10,000 teachers to be sent to Xinjiang, Tibet

Move will improve local education, alleviate shortage of resources

China's decision to dispatch 10,000 teachers to the Xinjiang and Tibet autonomous regions to support local education could help solve the educational problems and improve local education in the regions, experts said.

About 1,500 teachers from inland provinces are currently working in Xinjiang and Tibet and another batch of 4,000 teachers will be selected and sent to the regions soon, according to a meeting held in Urumqi, capital of Northwest China's Xinjiang Uyghur Autonomous Region on Thursday, the Xinhua News Agency reported.

China has made huge efforts to improve education in Xinjiang and Tibet during the past decades, including sending teachers to the region to boost bilingual education. In Xinjiang alone, 78 percent of students in primary and middle schools receive bilingual education with the support from teachers from other cities.

A teacher surnamed Zhang, who taught in Changji Hui Autonomous Prefecture of Xinjiang in 2014-15, told the Global Times that some students of ethnic minority groups have difficulty in understanding the lectures he gave partly due to language barrier.

"The bilingual education, which has been conducted for 11 years in the regions, has made remarkable progress, but problems still exist," Turgunjan Tursun, a professor with the Zhejiang Normal University, told the Global Times.

"The main existing problem is the lack of eligible bilingual teachers in the regions," said Tursun.

Recognizing the program as beneficial to local people, Minister of Education Chen Baosheng demanded strict standards in selecting teachers at the Thursday meeting.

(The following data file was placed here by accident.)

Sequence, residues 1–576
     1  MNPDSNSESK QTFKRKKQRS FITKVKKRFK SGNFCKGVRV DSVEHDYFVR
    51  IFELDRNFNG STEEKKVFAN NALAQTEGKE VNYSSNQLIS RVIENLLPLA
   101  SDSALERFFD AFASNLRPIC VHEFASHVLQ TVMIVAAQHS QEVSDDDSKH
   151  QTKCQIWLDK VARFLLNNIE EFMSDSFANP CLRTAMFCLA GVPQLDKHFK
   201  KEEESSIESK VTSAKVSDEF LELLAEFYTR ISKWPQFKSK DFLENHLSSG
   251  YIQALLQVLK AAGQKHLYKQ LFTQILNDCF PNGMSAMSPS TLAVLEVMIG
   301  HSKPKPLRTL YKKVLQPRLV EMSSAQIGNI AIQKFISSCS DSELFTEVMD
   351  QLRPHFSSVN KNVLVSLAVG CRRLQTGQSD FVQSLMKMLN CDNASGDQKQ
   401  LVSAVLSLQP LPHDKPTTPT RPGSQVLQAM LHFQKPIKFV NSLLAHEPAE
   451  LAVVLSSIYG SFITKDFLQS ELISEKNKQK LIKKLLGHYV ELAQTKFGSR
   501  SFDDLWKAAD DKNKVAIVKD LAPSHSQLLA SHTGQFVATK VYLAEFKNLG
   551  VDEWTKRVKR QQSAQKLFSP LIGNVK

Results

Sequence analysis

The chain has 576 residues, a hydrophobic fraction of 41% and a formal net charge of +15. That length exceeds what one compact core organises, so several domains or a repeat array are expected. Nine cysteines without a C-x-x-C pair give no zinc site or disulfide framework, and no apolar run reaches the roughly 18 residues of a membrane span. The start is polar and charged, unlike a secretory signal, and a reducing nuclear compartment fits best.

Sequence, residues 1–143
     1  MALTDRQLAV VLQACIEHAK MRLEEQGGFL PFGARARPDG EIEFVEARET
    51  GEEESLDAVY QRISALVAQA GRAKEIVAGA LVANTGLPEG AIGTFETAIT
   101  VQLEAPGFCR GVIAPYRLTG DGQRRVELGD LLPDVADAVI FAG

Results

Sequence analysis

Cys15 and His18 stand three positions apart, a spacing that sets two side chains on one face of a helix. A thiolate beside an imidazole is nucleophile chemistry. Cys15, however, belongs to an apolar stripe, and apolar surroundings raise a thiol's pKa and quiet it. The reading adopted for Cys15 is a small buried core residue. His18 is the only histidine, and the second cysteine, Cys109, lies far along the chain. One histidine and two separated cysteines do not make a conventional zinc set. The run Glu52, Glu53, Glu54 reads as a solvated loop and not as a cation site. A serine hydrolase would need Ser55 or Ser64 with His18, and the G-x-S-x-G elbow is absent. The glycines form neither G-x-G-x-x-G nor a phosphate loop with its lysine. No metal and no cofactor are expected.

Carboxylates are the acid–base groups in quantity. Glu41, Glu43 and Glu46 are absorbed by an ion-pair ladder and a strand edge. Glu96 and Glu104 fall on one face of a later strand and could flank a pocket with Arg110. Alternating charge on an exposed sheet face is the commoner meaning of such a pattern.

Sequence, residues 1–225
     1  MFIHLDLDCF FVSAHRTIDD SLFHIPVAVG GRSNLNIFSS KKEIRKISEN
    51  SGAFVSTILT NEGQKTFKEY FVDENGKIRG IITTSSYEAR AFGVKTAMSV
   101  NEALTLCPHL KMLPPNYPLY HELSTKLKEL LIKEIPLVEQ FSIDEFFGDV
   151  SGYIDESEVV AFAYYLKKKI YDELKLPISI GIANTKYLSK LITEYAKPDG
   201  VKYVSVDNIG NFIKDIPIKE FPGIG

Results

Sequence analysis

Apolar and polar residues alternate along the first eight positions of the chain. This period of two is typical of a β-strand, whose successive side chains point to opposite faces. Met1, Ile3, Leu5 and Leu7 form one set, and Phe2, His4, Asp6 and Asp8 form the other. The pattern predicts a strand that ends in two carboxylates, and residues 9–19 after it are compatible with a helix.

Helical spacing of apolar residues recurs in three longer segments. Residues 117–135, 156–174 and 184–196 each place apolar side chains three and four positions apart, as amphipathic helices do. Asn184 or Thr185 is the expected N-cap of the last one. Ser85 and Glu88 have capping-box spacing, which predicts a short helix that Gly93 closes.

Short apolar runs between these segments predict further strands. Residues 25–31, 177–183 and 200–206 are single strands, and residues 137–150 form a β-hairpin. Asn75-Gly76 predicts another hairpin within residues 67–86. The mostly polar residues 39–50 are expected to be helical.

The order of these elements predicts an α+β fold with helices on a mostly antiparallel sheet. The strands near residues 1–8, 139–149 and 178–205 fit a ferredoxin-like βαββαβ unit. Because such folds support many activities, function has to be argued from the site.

"It is the first time that such a large number of teachers from all over the country will be sent to teach in the regions, which shows that the authorities are paying more attention to the issue," said Tursun.

"Bilingual education in the regions is quite necessary as it helps students of different ethnic groups communicate with each other, just like people in other provinces are required to learn Chinese even though they have their own dialects," said Zhang.

"Meanwhile, young students, who are not mature enough, tend to be easily manipulated by extremists to join in terrorist activities and even the jihad, while bilingual education would help them access information to understand the nature of terrorism," added Zhang.

Except for the bilingual education, Tursun also mentioned the improvement of incentive mechanism for teachers and the importance of differentiated policies in different regions.

According to Zhang, some volunteer teachers had felt little bit disappointed because the working environment is very different from where they used to work.

Concerning the difficulties, many regions, including Shanghai, have promised preferential treatment to such volunteer teachers, such as priorities in promotions and higher salaries.

"A more complete incentive mechanism should be established to encourage more teachers to contribute to the local education development," said Tursun.